Copyright Universal Sabbatian Church 2007
Torah Discussion

Before a grandson of the “holy Yehudi,” a zaddik of the seventh generation, a merchant brought a complaint against another who had opened a business next to him and reduced his profits. “Why,” asked the zaddik, “do you attach yourself so to the business by which you nourish yourself? What really matters is to pray to Him who nourishes and preserves! But perhaps you do not know where He dwells; now then, it is written, ‘Love thy fellow as one like thyself, I am the Lord.’ Only love him, your fellow, and wish that he too may have what he needs, - there, in this love, you will find the Lord.” (Ref. 1: Buber, p. 230)

Creation of Sun & Moon, by Michelangelo

Note to the student: We continue now with our discussion of this Hasidic anecdote. It now appears that it will run to yet a third installment, as the Ruach HaKodesh (Holy Spirit) has been generous in the dispensation of Its holy inspiration. Baruch HaShem!

The Emptiness of Modern Life

In our last installment we discussed the danger of becoming identified with one’s persona, the mask we wear at work or church or generally when in public. Every society exerts strong pressure on the individual to adopt and conform to its norms, values, ethics, laws and traditions. In the industrialized west, especially in the United States, which is so wrapped up in the "pursuit of happiness" (read that to mean wealth, status and power), it is virtual heresy to question these values and pursuits. The acquisition of ever greater sums of money and property, the attainment of celebrity status and display of ostentatious lifestyles, have become the outright if unstated goals of far too many Americans. (See Note 1 below) In a culture of conformity it is very difficult, if not dangerous, to stand apart, much less to stand over or against the mentality of the herd. On an unconscious level, such a person would be perceived as an indictment of the collective consciousness and therefore a threat to be eliminated. So almost everyone conforms.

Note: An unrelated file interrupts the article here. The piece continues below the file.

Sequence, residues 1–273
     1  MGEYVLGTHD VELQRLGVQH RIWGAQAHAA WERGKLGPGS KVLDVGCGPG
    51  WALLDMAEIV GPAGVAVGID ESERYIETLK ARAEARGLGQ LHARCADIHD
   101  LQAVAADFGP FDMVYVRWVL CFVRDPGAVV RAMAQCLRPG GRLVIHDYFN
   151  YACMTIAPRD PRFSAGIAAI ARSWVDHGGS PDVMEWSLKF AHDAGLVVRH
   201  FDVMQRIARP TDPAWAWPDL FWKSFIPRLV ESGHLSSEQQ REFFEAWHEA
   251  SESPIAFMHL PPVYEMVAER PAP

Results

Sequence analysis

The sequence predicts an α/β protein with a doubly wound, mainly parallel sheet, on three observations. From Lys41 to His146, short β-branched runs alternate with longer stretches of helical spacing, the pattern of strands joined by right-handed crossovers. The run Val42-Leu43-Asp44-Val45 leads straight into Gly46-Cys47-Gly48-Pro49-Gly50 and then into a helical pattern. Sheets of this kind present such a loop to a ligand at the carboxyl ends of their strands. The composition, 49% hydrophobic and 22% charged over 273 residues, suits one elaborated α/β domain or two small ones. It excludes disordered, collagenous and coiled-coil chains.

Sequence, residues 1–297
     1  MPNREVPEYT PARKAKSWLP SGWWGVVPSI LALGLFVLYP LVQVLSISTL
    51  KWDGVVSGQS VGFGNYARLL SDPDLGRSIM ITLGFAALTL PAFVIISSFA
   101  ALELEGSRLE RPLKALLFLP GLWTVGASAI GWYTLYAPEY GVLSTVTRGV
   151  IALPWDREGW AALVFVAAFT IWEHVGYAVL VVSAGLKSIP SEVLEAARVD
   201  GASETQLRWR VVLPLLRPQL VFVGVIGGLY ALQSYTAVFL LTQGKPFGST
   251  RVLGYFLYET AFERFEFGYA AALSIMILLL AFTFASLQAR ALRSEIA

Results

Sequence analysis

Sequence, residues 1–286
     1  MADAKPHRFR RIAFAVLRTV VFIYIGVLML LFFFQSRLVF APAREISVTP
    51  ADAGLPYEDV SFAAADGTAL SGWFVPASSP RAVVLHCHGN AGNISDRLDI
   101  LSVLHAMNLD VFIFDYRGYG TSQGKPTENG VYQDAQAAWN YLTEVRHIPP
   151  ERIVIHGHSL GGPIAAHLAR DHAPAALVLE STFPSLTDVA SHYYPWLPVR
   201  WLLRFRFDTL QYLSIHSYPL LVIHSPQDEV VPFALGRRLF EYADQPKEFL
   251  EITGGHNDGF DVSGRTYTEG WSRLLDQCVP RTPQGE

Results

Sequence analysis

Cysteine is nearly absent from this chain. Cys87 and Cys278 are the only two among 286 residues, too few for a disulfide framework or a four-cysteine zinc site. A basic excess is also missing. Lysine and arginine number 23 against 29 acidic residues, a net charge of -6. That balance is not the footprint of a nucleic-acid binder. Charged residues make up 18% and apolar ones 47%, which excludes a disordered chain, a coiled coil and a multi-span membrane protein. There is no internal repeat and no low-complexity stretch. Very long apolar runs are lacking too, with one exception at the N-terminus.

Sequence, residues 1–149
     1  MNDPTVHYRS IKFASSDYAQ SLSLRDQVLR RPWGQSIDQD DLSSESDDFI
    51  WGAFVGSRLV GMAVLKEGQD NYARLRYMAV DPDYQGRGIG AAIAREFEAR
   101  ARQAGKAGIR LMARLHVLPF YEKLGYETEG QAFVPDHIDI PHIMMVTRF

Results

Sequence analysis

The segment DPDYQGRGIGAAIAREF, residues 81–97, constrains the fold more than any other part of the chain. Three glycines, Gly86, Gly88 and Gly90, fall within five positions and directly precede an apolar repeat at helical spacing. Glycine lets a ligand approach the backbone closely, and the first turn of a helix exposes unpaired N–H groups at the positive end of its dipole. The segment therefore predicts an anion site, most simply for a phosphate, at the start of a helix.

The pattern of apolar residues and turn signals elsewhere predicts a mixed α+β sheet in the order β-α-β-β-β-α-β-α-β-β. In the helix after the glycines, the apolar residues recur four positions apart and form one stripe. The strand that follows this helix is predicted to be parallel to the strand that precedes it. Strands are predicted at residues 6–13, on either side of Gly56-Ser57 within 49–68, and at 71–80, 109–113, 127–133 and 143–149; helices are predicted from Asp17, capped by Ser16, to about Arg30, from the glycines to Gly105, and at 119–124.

But, as we discussed, such a life, dedicated almost entirely to the acquisition of material things in order to project an image of "success" and thereby elevate one’s ego and stature within the collective mentality is a spiritual cul-de-sac. Spiritual teachers in every culture and era have recognized this fact. It should come as no surprise, therefore, that one of the fundamental teachings of Hasidism is that one should free oneself of all unnecessary attachments to the material world and strive with all of one’s might instead to attach oneself to God. Thus we read:

"If one has love for something physical, then this physical thing becomes a vessel [that limits] his love. … But when one has love for the Infinite Being, then his love is clothed in the Infinite. Both the love and its vessel are then boundless." (Ref. 2: R. Dov Ber, Imrey Tzadikim, p. 19c, see Note 2)

In Jungian psychological terms, it is the freeing of oneself from the collective consciousness that constitutes the first step in the process of individuation. This setting free of oneself is marked by an attitude of indifference to what others think of the individual. What matters most becomes what one thinks of oneself in terms of the spiritual journey in which one develops one’s innate gifts and talents in service of a relationship with the Self (God). And so in our Hasidic anecdote we read:

"Why," asked the zaddik, "do you attach yourself so to the business by which you nourish yourself? What really matters is to pray to Him who nourishes and preserves!"

Who nourishes and preserves? God did not merely create the universe, winding it up like some clockmaker who then walked away. He also creates and sustains it continually.

"They all [all life forms including mankind] depend upon you, to feed them when they need it. You provide the food they gather, your open hand gives them their fill. Turn away your face and they panic; take back their breath and they die and revert to dust. Send out your breath and life begins; you renew the face of the earth." (Ps. 104:27-30)

"The most important thing to realize is that God created all and that He is all. … God’s influence never ceases. At every instant, He gives existence to His creation, to all the universes, to the heavenly chambers, and to all the angels. … We therefore say, ‘He forms light and creates darkness’, not ‘He formed light and created darkness.’ We say that God ‘creates’ in the present tense because every second He creates and gives existence to all that is." (Ref. 3: R. Levi Yitzchak of Berdichev, Kedushat Levi, Bereshit, p. 1, see Note 3)

What is this nourishment? How does it work, and what do we need to know about it? Look at the diagram of the Ten Holy Sefirot (Etz Chaim – Tree of Life).

Etz Chaim - The Tree of Life

The Creation of the World Through the Holy Sefirot

(Caveat to the student: make no mistake – all such discussions of the nature of the Godhead make use of symbols, metaphors and pronouns because the Divine Mind cannot be perceived or envisioned by the human mind. Do not take these symbols to be a literal description of the mind and body of God.)